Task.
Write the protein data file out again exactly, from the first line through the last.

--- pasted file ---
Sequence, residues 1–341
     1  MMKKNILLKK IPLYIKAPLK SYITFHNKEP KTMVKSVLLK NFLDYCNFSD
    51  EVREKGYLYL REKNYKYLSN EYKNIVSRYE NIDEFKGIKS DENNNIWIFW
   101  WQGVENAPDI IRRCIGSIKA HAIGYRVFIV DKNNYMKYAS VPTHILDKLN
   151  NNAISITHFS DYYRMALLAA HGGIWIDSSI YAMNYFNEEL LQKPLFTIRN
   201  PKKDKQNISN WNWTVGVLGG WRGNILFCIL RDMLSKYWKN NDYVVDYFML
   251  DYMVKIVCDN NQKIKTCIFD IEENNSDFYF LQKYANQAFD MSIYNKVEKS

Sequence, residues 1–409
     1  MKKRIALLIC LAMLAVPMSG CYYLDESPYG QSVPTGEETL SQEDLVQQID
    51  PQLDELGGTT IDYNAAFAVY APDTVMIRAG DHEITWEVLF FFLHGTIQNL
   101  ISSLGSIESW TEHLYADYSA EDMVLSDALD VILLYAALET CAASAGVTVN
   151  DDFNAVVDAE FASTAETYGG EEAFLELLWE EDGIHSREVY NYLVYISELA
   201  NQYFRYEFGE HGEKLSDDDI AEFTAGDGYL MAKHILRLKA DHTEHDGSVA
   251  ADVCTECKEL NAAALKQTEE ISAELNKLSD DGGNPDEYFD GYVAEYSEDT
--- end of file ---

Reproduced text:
Sequence, residues 1–341
     1  MMKKNILLKK IPLYIKAPLK SYITFHNKEP KTMVKSVLLK NFLDYCNFSD
    51  EVREKGYLYL REKNYKYLSN EYKNIVSRYE NIDEFKGIKS DENNNIWIFW
   101  WQGVENAPDI IRRCIGSIKA HAIGYRVFIV DKNNYMKYAS VPTHILDKLN
   151  NNAISITHFS DYYRMALLAA HGGIWIDSSI YAMNYFNEEL LQKPLFTIRN
   201  PKKDKQNISN WNWTVGVLGG WRGNILFCIL RDMLSKYWKN NDYVVDYFML
   251  DYMVKIVCDN NQKIKTCIFD IEENNSDFYF LQKYANQAFD MSIYNKVEKS

Sequence, residues 1–409
     1  MKKRIALLIC LAMLAVPMSG CYYLDESPYG QSVPTGEETL SQEDLVQQID
    51  PQLDELGGTT IDYNAAFAVY APDTVMIRAG DHEITWEVLF FFLHGTIQNL
   101  ISSLGSIESW TEHLYADYSA EDMVLSDALD VILLYAALET CAASAGVTVN
   151  DDFNAVVDAE FASTAETYGG EEAFLELLWE EDGIHSREVY NYLVYISELA
   201  NQYFRYEFGE HGEKLSDDDI AEFTAGDGYL MAKHILRLKA DHTEHDGSVA
   251  ADVCTECKEL NAAALKQTEE ISAELNKLSD DGGNPDEYFD GYVAEYSEDT